Diagnosed with Hodgkin’s Lymphoma at 15, Samantha Daggett remembers how something as simple as a fuzzy pair of socks could make her hospital stay more comfortable.
So on her way to work Tuesday, Daggett dropped off three sets of cozy socks and a warm blanket at the Rutledge Foundation’s holiday donation drive at Baylor All Saints Medical Center at Fort Worth in hopes of bringing a bit of happiness to a teen fighting cancer now.
“My hope is they can focus a little more on their battle instead of focusing on what their friends are going to think about them. That’s the hardest part about being an adolescent,” said Daggett, a community relations coordinator at the hospital. “You are so worried about your hair falling out and you are so worried about all these other things that come along with cancer.”
Cancer is the leading cause of disease-related death in adolescents and young adults from ages 15 to 39, according to the National Cancer Institute. Each year, about 70,000 in this age group are diagnosed with cancer in the United States.
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Besides providing comfort items to teen and young adult cancer patients at local hospitals through its Carley’s Closet initiative, the Fort Worth-based nonprofit Rutledge Foundation is also funding research and development of new immune-based and targeted therapies designed to cure aggressive cancers with fewer long-term health consequences for patients.
“Chemotherapy and radiation causes secondary cancers, heart failure, infertility and a myriad of other things,” said President Laura Rutledge, whos daughter Carley was diagnosed with bone cancer at age 15. “We are giving them way too much toxicity. These are young adults. They have their whole lives ahead of them. The side effects for the rest of their life are enormous.”
As part of its Carley’s Closet initiative, the Rutledge Foundation collects a variety of items, such as pajama bottoms and slippers, games and movies and even posters and pillows, that might help teen and young adult cancer patients feel more at home while in the hospital for treatment. Those donated items are packaged up in backpacks and tote bags and distributed year-round in hospitals including Baylor All Saints, Cook Children’s Medical Center and John Peter Smith Hospital Fort Worth.
“It’s very challenging for anybody to have cancer but for teenagers it’s particularly difficult. We’re collecting things that might make their journey a little bit easier, things of comfort,” said Dr. David Klein, president of Baylor All Saints Medical Center at Fort Worth. “It can be robes, socks, blankets, and DVDs — anything so they can feel they are in more of homelike environment and focus on getting treatment for their disease.”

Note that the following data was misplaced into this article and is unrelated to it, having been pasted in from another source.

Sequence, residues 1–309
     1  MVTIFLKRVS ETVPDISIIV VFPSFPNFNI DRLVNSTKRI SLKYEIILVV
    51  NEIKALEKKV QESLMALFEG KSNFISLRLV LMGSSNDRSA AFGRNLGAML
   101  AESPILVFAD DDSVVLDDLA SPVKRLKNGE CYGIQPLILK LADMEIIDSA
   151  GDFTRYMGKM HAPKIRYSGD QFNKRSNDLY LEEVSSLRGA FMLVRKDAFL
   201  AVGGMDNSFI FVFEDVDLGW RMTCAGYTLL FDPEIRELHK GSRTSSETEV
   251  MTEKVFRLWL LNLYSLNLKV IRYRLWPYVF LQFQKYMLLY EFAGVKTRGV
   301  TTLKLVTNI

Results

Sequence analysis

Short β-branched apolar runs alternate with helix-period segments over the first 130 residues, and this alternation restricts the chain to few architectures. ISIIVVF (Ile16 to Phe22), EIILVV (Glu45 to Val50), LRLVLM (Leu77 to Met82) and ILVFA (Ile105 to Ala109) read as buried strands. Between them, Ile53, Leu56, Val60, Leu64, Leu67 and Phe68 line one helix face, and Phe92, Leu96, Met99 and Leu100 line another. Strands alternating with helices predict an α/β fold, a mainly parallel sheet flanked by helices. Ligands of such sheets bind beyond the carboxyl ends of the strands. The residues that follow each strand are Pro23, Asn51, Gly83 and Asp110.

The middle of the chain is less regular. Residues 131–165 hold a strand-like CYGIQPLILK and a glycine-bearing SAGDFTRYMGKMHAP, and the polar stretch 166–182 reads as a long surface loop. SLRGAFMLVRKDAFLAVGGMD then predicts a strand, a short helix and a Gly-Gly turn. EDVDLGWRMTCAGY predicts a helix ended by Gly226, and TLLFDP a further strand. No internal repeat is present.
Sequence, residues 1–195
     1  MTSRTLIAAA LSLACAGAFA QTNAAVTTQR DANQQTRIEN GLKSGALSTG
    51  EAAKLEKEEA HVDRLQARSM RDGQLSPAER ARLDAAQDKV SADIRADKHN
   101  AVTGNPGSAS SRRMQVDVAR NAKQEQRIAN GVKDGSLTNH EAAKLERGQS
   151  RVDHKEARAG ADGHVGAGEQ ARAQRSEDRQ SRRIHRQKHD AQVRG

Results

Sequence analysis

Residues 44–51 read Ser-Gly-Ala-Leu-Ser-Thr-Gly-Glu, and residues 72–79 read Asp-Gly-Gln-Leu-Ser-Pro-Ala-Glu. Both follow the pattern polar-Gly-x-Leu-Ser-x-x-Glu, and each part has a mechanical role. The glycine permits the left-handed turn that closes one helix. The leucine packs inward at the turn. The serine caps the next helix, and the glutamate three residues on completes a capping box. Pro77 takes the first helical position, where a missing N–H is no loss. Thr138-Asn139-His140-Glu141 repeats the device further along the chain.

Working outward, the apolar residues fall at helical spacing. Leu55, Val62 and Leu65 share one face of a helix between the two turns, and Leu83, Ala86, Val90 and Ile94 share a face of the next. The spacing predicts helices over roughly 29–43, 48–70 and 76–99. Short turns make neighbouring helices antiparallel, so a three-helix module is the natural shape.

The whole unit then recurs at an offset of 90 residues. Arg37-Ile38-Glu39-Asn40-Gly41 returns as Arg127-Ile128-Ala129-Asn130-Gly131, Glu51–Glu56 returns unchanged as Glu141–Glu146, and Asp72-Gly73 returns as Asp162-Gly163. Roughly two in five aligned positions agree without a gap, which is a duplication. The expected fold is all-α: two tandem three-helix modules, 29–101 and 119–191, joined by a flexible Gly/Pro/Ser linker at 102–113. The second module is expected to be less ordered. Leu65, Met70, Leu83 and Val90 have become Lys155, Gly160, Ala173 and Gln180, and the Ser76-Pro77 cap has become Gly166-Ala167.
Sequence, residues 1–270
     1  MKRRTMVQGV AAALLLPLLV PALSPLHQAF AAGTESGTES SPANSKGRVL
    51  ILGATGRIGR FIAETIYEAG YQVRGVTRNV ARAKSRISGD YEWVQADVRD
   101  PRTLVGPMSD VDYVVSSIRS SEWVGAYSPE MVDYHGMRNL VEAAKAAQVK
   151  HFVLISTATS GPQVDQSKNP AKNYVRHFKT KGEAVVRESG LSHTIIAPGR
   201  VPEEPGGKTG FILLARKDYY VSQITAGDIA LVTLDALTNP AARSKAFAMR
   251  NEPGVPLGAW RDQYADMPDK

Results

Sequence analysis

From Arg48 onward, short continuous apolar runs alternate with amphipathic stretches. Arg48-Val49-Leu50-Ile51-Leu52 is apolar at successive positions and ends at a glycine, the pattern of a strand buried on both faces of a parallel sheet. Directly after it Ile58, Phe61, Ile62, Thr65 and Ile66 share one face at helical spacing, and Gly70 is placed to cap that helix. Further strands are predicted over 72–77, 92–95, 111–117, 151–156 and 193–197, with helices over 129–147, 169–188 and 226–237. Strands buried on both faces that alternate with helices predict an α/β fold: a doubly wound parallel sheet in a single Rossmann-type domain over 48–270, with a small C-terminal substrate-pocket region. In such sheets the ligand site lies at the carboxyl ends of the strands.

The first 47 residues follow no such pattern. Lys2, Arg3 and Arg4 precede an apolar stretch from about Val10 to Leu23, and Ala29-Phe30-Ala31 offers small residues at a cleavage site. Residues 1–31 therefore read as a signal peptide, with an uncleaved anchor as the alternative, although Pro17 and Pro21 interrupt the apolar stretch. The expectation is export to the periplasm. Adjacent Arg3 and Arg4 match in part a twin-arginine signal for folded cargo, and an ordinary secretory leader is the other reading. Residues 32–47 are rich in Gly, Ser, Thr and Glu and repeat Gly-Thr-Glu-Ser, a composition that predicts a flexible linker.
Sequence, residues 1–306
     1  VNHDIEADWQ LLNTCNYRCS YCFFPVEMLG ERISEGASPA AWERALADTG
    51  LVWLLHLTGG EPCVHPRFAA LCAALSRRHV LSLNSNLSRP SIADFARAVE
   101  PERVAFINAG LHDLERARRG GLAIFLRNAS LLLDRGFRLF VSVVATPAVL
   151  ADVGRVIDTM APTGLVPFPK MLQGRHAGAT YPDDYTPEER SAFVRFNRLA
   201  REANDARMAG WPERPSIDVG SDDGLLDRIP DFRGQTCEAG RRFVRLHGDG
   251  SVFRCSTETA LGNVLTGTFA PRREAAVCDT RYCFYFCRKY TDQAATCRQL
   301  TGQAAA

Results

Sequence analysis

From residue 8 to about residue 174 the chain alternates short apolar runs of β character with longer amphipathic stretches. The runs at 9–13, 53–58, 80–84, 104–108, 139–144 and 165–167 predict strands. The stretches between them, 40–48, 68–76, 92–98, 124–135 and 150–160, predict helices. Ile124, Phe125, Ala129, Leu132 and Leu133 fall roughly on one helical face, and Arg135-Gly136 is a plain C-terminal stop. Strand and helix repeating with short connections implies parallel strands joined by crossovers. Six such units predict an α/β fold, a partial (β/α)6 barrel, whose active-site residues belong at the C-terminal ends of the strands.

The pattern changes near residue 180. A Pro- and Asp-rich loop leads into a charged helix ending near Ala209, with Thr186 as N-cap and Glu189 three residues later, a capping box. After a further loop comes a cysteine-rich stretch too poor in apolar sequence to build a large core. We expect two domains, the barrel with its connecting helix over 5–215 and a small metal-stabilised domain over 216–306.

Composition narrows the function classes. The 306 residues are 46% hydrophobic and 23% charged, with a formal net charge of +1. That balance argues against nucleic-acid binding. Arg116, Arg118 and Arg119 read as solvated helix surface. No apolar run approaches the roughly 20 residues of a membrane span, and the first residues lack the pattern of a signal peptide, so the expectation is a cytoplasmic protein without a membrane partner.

Kristi Evans, a former breast cancer survivor, donated pajama bottoms and a pair of fuzzy slippers “to pay it forward” for the kindness she received during her treatment.
“I can’t imagine going through cancer at such a young age,” said Evans, who works in the hospital’s breast cancer center.
Dr. Klein, who dressed up like Santa for the donation drive, said the care packages will hopefully help younger patients take their mind off their health issues for a little while. Klein, whose son was diagnosed with Hodgkin’s Lymphoma at age 16, knows how important that temporary distraction can be.
“They want normalcy. Anything that makes them feel normal is what they crave,” Dr. Klein said.
Susan Schrock, 817-390-7639
As part of its Carley’s Closet initiative, the Rutledge Foundation collects comfort items for teen and young adult cancer patients. Examples include magazines, DVDs, games, arts and crafts, blankets and pillows, towels, posters, headphones and sporting items. Donations, including cash and gift cards, can be made at the Rutledge Foundation office, 5608 Malvey Ave., Ste 100A, Fort Worth; or at Baylor All Saints Medical Center, 1400 8th Ave., Fort Worth For more info, visit www.rutledgefoundation.org.